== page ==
contest winner. Congratulations!
Glossary
Action Level (AL) – the concentration of a contaminant, which if
exceeded, triggers treatment or other requirements.
EPA Goal/Maximum Contaminant Level Goal (MCLG) – the level of a
contaminant in drinking water below which there is no known or
expected risk to health. MCLGs allow for a margin of safety.
EPA Limit/Maximum Contaminant Level (MCL) – the highest level of a
contaminant that is allowed in drinking water. MCLs are set as close
to the MCLGs as feasible using the best available technology.
Non-Applicable (N/A) – information not applicable or required.
Non-Detects (N/D) – laboratory analysis indicates that the contaminant
is not present at the level of detection set for the particular
methodology used.
Parts per billion (ppb) – one part per billion (micrograms per liter)
corresponds to one minute in 2,000 years, or one penny in $10 million.
Parts per million (ppm) – one part per million (milligrams per liter)
corresponds to one minute in two years, or a single penny in $10,000.
Picocuries per liter (pCi/L) – a measure of radioactivity in water.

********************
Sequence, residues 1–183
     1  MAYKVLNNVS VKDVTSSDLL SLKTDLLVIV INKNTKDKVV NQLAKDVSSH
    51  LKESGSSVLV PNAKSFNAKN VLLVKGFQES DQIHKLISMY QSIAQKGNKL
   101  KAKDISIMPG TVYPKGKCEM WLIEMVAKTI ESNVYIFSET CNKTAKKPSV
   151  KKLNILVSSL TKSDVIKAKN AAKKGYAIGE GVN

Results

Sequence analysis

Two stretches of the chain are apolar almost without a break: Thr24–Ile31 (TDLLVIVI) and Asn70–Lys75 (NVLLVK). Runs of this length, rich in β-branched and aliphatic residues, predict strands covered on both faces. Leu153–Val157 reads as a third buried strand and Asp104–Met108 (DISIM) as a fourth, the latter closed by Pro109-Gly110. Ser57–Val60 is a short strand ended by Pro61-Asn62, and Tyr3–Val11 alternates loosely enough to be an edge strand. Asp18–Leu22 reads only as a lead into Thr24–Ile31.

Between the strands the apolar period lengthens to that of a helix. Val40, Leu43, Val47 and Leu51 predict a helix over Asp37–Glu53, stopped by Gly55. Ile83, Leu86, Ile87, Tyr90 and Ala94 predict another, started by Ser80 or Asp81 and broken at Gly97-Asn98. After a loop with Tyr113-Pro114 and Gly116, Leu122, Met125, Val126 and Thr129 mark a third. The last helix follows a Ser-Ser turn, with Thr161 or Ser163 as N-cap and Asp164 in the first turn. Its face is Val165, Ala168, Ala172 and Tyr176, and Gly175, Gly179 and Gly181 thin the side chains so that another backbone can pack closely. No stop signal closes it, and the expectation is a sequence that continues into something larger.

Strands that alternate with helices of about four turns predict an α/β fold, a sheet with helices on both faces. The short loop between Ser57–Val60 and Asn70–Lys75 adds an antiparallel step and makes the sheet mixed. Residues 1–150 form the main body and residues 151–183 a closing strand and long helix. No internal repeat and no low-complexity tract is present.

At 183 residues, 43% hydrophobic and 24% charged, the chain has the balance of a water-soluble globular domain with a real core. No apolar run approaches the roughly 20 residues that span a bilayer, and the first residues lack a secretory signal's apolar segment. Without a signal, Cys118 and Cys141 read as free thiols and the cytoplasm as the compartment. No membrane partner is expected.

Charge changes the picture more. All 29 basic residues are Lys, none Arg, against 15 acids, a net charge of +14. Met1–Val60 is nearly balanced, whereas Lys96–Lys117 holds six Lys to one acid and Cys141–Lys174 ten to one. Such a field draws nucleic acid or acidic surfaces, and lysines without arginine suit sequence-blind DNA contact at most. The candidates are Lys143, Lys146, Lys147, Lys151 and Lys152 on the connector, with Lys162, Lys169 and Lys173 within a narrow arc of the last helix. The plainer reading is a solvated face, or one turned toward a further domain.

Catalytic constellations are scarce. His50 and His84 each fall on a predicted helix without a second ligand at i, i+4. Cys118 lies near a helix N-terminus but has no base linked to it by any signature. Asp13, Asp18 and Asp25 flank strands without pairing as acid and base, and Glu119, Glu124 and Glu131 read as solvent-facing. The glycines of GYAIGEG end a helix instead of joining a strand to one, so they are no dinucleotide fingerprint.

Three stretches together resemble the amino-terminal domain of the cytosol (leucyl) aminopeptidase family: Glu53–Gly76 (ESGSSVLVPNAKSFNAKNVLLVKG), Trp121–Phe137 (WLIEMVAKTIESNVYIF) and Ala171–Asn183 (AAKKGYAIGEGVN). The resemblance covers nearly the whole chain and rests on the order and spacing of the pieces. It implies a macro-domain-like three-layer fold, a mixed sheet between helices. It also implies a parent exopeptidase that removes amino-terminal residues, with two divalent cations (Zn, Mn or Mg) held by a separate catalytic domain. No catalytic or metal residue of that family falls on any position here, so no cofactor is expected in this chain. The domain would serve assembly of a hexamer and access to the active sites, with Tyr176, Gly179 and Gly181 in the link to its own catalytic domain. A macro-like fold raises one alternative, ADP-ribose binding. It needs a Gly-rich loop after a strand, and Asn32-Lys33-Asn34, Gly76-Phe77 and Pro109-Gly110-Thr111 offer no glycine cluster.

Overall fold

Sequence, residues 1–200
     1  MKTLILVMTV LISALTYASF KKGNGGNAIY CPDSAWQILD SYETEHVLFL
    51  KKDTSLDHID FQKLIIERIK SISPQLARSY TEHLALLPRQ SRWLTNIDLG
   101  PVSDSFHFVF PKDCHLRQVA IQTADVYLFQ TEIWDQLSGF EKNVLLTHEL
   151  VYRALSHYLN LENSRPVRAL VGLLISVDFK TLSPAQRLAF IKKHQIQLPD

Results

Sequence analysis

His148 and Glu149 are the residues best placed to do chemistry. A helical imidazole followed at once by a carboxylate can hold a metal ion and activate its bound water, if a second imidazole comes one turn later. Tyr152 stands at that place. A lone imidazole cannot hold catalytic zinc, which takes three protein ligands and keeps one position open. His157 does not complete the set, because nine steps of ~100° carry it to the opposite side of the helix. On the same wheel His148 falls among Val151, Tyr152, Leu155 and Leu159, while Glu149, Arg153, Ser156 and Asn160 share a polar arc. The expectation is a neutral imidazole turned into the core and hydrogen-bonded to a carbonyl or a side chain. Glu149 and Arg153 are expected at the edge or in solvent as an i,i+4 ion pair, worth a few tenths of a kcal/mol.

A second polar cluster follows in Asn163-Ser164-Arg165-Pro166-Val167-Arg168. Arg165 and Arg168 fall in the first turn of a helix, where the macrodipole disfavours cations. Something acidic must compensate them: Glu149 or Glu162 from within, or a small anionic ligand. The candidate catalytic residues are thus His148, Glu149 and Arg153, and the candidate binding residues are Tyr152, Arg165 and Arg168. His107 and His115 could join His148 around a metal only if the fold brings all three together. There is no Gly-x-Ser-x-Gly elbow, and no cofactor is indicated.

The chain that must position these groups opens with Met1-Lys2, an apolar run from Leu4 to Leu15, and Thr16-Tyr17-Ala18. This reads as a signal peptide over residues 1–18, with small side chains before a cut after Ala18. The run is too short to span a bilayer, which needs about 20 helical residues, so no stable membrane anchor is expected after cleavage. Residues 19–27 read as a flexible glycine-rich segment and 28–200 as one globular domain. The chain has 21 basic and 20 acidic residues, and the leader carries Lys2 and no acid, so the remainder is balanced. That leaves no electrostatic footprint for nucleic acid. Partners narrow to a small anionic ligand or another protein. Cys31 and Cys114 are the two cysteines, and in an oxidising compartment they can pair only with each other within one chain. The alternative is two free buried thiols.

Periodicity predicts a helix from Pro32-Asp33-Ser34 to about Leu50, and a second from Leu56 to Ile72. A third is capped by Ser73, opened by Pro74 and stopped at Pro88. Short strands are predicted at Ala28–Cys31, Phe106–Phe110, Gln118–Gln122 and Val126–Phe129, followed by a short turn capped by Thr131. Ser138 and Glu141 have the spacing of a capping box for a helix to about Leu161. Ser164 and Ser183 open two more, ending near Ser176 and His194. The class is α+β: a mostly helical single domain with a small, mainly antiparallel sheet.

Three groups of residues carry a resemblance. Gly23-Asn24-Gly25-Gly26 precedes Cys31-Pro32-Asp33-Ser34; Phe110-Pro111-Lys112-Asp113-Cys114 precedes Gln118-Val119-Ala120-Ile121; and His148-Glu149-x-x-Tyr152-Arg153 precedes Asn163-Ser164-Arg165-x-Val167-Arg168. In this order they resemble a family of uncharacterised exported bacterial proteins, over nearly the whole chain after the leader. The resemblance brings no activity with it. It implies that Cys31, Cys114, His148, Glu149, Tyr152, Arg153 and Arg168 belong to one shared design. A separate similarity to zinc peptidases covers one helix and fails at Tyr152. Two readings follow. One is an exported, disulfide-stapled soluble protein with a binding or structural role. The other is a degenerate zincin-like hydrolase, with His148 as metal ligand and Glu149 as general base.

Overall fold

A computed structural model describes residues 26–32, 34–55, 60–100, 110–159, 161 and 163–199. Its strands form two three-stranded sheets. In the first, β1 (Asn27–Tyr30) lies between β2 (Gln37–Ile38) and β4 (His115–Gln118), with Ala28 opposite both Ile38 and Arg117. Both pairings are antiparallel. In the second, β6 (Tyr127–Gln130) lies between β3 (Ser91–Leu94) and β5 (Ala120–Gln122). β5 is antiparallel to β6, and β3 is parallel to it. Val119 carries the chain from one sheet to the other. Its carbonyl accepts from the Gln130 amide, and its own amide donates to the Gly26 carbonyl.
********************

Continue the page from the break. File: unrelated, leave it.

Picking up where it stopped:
Nephelometric Turbidity Unit (NTU) – a measure of the cloudiness of the
water. Turbidity over 5 ntu is just noticeable to the average person.
Low turbidity is a good indicator of the effectiveness of our filtration
system.
Total Organic Carbon (TOC) – has no health effects; however, organics
provide a medium for the formation of disinfection byproducts. The
TOC compliance criteria applies only to treated water.
TT – a treatment technique is a required process intended to reduce the
level of a contaminant in drinking water.
Turbidity % – low percentages are a goal for all substances except turbidity. The turbidity rule requires that 95% or more of the monthly samples
must be below 0.5 ntu.
EPA sets Maximum
Contaminant Levels
very stringently. A
person would have to
drink two liters of water
that contained a
substance at the MCL
level every day for a
lifetime to have a onein-a-million chance of
having the described
health effect.
Source Water Assessment Program (SWAP) Results
Utilities provides an
average of 110 million
gallons of drinking water
a day to Mecklenburg
County homes and
businesses.
The state’s Source Water Assessment Program conducts periodic evaluations of all
drinking water sources across North Carolina to determine their susceptibility to
potential contaminant sources. A rating of “higher” does not indicate poor water